Athene, known in Latin as Minerva, also known as the Motherless Maiden, is the virgin Goddess of Forethought, wisdom, war, art, and things and institutions which distribute wise counsel and civilize people. She maintains and protects law and justice, and has an interest in everything which produces strength, abundance, and stability in the state. Along with Zeus and Hera, She is one of the three patrons of the city of Rome.
Goddess of Forethought
In mythology Athene is the daughter of Zeus and Metis, who give Her the traits of surpassing ascendancy and wisdom. Zeus swallowed Metis whole while She was pregnant out of fear that She would give birth to a son that would overthrow Him, just as He overthrew His own father. Eventually, the divine Zeus experienced a tremendous headache, which was only relieved when Hephaistos then split Zeus’ head open with an axe, allowing Athene to emerge, fully matured and clad in full battle-gear.
Role in the Cosmos
The myth of Athene’s birth is interpreted by Julian as Athene having been “sent forth from [Zeus-]Helios whole from the whole of Him, being contained within Him.” Athene is subsumed into Zeus-Helios, the divine Mind (Nous), and is His intelligence in perfect form. She is, so to say, the mind of the divine Mind (Flavius Claudius Iulianus, I 407-409).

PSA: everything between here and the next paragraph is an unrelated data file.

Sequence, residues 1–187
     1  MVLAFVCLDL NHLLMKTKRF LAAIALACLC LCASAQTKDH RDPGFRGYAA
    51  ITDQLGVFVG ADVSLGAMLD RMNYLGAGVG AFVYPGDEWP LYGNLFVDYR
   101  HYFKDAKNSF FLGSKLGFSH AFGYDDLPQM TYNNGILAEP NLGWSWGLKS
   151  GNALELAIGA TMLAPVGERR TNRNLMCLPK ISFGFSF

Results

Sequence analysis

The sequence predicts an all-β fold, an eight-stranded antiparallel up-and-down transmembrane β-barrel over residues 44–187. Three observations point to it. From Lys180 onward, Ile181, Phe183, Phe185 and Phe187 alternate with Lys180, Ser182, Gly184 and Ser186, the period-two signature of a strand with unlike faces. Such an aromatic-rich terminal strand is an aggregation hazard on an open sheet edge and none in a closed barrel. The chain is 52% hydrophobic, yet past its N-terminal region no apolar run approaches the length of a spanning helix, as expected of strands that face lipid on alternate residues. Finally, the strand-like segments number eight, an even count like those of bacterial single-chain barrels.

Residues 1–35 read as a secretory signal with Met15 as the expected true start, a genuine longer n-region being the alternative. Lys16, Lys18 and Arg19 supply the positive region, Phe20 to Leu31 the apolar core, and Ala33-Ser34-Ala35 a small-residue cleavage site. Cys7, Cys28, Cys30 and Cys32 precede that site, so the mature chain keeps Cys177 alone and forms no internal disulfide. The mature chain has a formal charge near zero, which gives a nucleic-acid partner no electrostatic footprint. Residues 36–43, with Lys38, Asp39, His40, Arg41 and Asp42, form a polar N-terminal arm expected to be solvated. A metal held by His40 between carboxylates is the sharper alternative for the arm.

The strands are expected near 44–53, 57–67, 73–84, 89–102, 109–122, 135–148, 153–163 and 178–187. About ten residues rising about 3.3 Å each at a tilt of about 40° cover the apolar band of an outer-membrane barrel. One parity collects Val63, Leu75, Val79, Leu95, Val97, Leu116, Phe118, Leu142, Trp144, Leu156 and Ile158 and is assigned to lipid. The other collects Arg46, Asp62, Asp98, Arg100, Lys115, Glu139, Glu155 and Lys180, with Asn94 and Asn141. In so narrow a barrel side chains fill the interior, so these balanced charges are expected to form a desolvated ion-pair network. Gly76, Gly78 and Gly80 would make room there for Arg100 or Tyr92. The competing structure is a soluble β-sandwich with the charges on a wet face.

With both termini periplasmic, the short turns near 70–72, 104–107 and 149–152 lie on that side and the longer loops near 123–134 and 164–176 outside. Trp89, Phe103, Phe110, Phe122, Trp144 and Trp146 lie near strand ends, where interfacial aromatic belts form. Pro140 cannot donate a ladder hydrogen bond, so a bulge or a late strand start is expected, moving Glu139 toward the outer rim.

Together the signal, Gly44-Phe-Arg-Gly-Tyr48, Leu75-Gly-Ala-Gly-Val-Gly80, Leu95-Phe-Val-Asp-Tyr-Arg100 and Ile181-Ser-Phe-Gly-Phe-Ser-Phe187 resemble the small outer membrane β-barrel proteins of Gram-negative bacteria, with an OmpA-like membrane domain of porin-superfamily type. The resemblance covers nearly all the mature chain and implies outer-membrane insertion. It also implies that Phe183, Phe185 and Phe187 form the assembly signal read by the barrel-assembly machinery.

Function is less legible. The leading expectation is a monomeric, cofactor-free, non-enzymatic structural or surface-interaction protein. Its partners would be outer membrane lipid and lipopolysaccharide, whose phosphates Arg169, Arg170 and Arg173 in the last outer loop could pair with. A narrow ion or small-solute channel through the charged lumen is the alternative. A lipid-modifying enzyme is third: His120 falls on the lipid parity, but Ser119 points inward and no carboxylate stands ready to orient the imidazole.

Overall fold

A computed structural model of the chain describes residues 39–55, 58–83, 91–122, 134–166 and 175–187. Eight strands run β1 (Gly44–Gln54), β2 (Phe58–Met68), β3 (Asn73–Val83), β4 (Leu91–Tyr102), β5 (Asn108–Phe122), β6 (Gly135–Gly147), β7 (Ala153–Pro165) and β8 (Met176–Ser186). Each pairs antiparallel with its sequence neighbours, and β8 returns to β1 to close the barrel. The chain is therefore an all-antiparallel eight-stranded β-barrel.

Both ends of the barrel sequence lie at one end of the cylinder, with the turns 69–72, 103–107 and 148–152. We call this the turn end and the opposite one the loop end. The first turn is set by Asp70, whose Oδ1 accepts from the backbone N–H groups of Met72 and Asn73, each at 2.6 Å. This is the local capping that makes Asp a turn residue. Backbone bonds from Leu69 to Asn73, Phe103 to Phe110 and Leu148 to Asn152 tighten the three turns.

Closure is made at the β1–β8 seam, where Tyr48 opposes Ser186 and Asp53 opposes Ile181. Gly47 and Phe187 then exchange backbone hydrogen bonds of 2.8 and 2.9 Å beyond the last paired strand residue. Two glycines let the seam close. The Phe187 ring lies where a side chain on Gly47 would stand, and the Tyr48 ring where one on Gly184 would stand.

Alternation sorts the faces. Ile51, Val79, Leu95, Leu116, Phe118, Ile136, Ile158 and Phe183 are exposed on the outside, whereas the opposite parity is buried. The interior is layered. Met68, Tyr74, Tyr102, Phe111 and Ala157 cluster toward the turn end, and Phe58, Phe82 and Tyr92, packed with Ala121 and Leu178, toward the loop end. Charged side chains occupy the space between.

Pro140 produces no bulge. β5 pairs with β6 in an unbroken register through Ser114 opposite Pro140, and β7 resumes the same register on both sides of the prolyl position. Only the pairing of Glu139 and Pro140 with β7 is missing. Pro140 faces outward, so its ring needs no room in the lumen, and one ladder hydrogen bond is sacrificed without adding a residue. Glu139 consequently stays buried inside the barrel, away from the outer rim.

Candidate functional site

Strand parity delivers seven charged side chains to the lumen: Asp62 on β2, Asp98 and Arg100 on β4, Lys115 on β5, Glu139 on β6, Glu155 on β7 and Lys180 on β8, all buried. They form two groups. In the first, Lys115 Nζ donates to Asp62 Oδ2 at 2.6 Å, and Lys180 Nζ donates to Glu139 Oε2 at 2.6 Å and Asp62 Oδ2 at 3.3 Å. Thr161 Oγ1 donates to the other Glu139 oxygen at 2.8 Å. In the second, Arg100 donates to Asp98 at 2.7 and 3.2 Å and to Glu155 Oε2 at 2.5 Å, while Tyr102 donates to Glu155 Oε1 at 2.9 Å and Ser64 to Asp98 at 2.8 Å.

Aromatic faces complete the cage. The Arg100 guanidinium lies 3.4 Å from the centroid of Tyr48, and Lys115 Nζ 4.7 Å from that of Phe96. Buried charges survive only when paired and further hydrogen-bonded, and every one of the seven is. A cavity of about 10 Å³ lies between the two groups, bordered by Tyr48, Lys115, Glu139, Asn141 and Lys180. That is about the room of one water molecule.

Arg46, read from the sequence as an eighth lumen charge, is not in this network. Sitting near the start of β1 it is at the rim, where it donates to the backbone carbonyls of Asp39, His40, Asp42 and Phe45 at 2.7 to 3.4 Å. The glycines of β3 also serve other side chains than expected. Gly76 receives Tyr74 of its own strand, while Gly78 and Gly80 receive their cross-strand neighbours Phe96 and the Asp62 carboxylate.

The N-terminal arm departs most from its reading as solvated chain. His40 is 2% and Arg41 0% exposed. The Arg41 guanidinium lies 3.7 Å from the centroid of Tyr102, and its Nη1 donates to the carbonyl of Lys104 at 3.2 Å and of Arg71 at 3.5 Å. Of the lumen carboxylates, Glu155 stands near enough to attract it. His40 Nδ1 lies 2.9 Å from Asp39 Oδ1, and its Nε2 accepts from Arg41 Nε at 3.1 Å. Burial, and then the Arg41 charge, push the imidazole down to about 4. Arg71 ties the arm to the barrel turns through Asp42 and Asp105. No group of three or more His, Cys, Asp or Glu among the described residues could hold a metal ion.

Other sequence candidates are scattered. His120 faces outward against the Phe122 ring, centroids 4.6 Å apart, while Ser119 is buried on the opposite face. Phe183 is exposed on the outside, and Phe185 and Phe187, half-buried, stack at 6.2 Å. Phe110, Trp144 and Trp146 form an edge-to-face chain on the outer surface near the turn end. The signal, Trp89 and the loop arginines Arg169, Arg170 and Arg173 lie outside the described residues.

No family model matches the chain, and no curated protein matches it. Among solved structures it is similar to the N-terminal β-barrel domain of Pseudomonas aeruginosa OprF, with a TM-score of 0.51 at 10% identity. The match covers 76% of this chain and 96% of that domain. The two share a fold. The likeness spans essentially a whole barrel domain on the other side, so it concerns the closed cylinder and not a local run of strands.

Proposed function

Due to Athene’s role as the Forethought of Zeus-Helios, She is responsible for unifying the Gods in Zeus-Helios. She “binds together the Gods who are assembled about Helios and brings them without confusion into unity with [Zeus-]Helios” (Flavius Claudius Iulianus, I 409), which makes every activity of the Gods stem from Zeus-Helios, with whom they are one with. This organizing role means that Athene orders the Gods represented by the seven planets and all the stars in the heavens, known as the Encosmic Gods, and to fill them all with practical wisdom, from the highest vault of the heavens all the way to the moon (Selene), who is the last of the heavenly spheres (Flavius Claudius Iulianus, I 411).
She also gives to humanity the blessing of wisdom (Flavius Claudius Iulianus, I 411). With that, Athene’s role is identical to the function of wisdom in Plato’s Republic and Iamblichus’ Letter to Asphalius. However, though wisdom is associated with Athene, it is distinct from Her. The Gods, in their perfection and participation in the Good, have no need of virtue. Rather, it is humanity that benefits from participating in the virtues which emanate from the divine realm.
Flavius Claudius Iulianus Augustus, and Wilmer Cave. Wright. The works of emperor Julian. London: Heinemann etc., 1962.
Kupperman, Jeffrey S. “Living Theurgy: a course in Iamblichus Philosophy, Theology and Theurgy”. London: Avalonia, 2014.